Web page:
Last week, I posted a general discussion of anti-dilution protection, and how it’s included by VCs in term sheets to help mitigate the dilutive effects of a down round. As we saw last week, while such provisions help protect a VC’s investment when a company’s valuation drops, they provide no protection for common stockholders such as founders and company management. In fact, when VCs exercise such provisions, it actually magnifies the dilution experienced by the common.
This week, I wanted to expand this discussion by describing some common types of anti-dilution protection and what they mean. In last week’s post, I said that the mechanism by which anti-dilution provisions protect VCs is by altering the price at which their original investment converts to shares, thus allowing them to purchase shares at a price lower than the originally negotiated share valuation. The new conversion price depends on the type of anti-dilution provision that was in the original term sheet.
Full Ratchet is the form of anti-dilution protection that most strongly favors VCs. In this type of provision, the conversion price is set to be equal to the share valuation at the current down round. For example, if a venture firm called XYZ Ventures initially invests $2M at a share price of $2 per share in a Series A, the firm expects to own 1M shares in the company at the original purchase price. Now imagine the company fails to perform as expected, and when it raises the Series B, it receives a share valuation of only $1 per share. If the Series A term sheet included full ratchet anti-dilution, then the conversion price for the Series A investment is reset to the new valuation of $1. This means that XYZ venture’s initial $2M investment will actually buy them 2M shares instead of the original 1M.
Since full ratchet protection allows previous rounds to be re-priced at the same price as any future down rounds, it effectively prevents any dilution to the protected VCs. It is essentially a “low price guarantee” for VC firms, since it allows their original investment to purchase shares at the lowest price offered at any point in the future. Conversely, it is the least favorable provision to common shareholders, since it leads to the greatest number shares outstanding, and therefore the greatest degree of dilution of the common.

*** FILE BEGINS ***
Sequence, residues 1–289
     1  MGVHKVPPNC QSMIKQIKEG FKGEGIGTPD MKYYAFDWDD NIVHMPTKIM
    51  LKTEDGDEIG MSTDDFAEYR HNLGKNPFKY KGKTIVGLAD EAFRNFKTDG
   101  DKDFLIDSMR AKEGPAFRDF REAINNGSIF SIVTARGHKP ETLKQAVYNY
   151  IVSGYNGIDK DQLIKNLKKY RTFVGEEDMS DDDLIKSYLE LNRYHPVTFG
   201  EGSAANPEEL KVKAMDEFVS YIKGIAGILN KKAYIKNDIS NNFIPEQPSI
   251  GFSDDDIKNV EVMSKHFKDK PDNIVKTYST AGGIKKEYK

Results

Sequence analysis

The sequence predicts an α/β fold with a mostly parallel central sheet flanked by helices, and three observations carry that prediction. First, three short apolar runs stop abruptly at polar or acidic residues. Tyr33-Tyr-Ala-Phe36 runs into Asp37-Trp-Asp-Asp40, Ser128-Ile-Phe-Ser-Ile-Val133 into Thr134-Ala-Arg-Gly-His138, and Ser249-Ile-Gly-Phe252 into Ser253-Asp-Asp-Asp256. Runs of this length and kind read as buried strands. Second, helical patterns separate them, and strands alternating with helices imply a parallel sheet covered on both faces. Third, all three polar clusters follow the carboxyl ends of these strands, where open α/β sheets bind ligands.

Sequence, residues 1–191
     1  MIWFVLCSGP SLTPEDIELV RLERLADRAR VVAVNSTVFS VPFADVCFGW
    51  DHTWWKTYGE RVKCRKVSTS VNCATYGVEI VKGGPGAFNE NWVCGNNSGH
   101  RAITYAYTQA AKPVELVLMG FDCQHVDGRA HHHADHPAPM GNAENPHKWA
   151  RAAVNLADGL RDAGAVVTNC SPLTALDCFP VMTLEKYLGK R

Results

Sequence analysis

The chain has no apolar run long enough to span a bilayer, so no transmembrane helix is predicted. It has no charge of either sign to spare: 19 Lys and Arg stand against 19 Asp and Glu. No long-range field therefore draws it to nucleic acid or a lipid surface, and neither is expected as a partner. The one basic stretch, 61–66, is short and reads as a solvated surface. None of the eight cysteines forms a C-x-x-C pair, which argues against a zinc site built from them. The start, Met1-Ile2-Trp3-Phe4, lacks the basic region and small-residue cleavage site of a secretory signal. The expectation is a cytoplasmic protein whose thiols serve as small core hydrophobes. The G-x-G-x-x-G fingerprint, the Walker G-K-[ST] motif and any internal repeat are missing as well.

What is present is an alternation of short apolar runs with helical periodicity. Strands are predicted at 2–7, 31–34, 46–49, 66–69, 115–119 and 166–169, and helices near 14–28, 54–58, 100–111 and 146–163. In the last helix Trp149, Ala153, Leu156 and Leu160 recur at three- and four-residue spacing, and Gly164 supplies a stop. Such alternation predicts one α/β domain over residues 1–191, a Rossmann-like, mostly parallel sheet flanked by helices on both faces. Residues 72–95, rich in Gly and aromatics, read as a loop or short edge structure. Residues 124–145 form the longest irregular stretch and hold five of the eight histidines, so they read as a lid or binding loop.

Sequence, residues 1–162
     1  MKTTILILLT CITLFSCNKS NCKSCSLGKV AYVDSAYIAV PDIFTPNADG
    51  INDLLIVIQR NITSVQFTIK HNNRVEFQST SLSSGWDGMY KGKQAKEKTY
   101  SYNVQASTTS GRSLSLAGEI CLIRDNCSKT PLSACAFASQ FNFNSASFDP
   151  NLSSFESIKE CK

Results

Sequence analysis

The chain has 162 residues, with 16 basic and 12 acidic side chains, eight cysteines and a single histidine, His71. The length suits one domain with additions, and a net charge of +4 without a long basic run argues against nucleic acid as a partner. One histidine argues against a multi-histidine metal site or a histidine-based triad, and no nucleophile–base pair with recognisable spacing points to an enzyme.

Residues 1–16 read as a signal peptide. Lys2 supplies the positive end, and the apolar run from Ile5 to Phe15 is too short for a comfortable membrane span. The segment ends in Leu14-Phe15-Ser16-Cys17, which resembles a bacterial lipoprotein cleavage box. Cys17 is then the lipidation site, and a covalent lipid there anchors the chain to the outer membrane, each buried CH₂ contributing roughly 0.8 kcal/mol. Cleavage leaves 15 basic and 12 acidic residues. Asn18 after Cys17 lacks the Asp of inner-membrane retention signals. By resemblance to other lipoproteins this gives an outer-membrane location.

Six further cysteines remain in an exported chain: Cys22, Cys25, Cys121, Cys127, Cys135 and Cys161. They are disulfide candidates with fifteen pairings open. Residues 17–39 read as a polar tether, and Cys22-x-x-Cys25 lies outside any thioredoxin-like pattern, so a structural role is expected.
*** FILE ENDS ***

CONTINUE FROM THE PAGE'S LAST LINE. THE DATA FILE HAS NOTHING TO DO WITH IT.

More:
Weighted average anti-dilution is less extreme than full ratchet, in that it reduces the conversion price of previous rounds, but does not set the conversion price equal to the price of the current down round. Thus it reduces the dilution experienced by protected investors in previous rounds, but does not eliminate the dilutive effect of a down round. The idea behind the weighted average is that the reduction in conversion price is computed as a function of the percent of the total shares outstanding that are owned by each investor. In this way, investors that own a larger percentage of the company receive greater protection from weighted average of provisions.
There are two sub-types of weighted average protection. Broad based weighted average calculates the total shares outstanding by including all preferred stock, common stock, as well as unexercised securities such as employee stock options. Narrow based weighted average includes only those shares which are currently outstanding, and excludes unexercised options. Thus, the narrow-based calculation is a little more favorable to VCs since it assumes a larger percent ownership, and thus a larger adjustment of the conversion price, for each investor.
- Anti-dilution protection protects VCs by re-pricing their original purchase of shares at a down round.
- Full ratchet protection effectively eliminates dilution of protected VCs at a down round by setting their conversion price to the share price of the down round.
- Weighted average protection is less favorable to VCs than full ratchet, since it reduces the conversion price, but does not set it equal to the current valuation.
- Anti-dilution provisions are most favorable to VCs lead to the greatest dilution of common stockholders if a down round occurs.